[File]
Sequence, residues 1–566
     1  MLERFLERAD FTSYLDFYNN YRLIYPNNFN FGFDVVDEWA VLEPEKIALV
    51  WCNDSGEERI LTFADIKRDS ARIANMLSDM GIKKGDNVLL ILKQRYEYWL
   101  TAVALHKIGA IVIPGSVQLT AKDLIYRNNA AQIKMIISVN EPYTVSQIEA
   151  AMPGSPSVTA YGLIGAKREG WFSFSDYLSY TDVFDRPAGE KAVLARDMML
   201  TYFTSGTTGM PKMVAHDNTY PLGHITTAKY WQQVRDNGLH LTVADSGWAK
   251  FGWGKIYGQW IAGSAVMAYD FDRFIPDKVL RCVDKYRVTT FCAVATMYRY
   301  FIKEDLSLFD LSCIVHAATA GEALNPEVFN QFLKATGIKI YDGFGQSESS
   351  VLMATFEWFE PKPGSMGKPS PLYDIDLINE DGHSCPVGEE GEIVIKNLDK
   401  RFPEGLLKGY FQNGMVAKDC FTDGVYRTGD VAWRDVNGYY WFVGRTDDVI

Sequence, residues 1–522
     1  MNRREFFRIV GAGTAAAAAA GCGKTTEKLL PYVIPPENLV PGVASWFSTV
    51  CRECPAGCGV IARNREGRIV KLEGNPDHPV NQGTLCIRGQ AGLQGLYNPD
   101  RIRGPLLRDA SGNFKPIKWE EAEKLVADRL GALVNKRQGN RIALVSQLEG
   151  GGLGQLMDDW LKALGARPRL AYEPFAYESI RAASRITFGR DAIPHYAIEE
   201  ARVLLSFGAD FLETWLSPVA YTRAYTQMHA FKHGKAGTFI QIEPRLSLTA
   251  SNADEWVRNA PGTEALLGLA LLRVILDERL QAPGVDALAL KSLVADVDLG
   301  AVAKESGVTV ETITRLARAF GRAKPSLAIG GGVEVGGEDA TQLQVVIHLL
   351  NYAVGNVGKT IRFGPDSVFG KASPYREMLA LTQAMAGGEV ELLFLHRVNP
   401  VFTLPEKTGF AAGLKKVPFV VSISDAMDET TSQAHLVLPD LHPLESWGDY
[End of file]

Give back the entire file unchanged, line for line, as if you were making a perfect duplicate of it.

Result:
Sequence, residues 1–566
     1  MLERFLERAD FTSYLDFYNN YRLIYPNNFN FGFDVVDEWA VLEPEKIALV
    51  WCNDSGEERI LTFADIKRDS ARIANMLSDM GIKKGDNVLL ILKQRYEYWL
   101  TAVALHKIGA IVIPGSVQLT AKDLIYRNNA AQIKMIISVN EPYTVSQIEA
   151  AMPGSPSVTA YGLIGAKREG WFSFSDYLSY TDVFDRPAGE KAVLARDMML
   201  TYFTSGTTGM PKMVAHDNTY PLGHITTAKY WQQVRDNGLH LTVADSGWAK
   251  FGWGKIYGQW IAGSAVMAYD FDRFIPDKVL RCVDKYRVTT FCAVATMYRY
   301  FIKEDLSLFD LSCIVHAATA GEALNPEVFN QFLKATGIKI YDGFGQSESS
   351  VLMATFEWFE PKPGSMGKPS PLYDIDLINE DGHSCPVGEE GEIVIKNLDK
   401  RFPEGLLKGY FQNGMVAKDC FTDGVYRTGD VAWRDVNGYY WFVGRTDDVI

Sequence, residues 1–522
     1  MNRREFFRIV GAGTAAAAAA GCGKTTEKLL PYVIPPENLV PGVASWFSTV
    51  CRECPAGCGV IARNREGRIV KLEGNPDHPV NQGTLCIRGQ AGLQGLYNPD
   101  RIRGPLLRDA SGNFKPIKWE EAEKLVADRL GALVNKRQGN RIALVSQLEG
   151  GGLGQLMDDW LKALGARPRL AYEPFAYESI RAASRITFGR DAIPHYAIEE
   201  ARVLLSFGAD FLETWLSPVA YTRAYTQMHA FKHGKAGTFI QIEPRLSLTA
   251  SNADEWVRNA PGTEALLGLA LLRVILDERL QAPGVDALAL KSLVADVDLG
   301  AVAKESGVTV ETITRLARAF GRAKPSLAIG GGVEVGGEDA TQLQVVIHLL
   351  NYAVGNVGKT IRFGPDSVFG KASPYREMLA LTQAMAGGEV ELLFLHRVNP
   401  VFTLPEKTGF AAGLKKVPFV VSISDAMDET TSQAHLVLPD LHPLESWGDY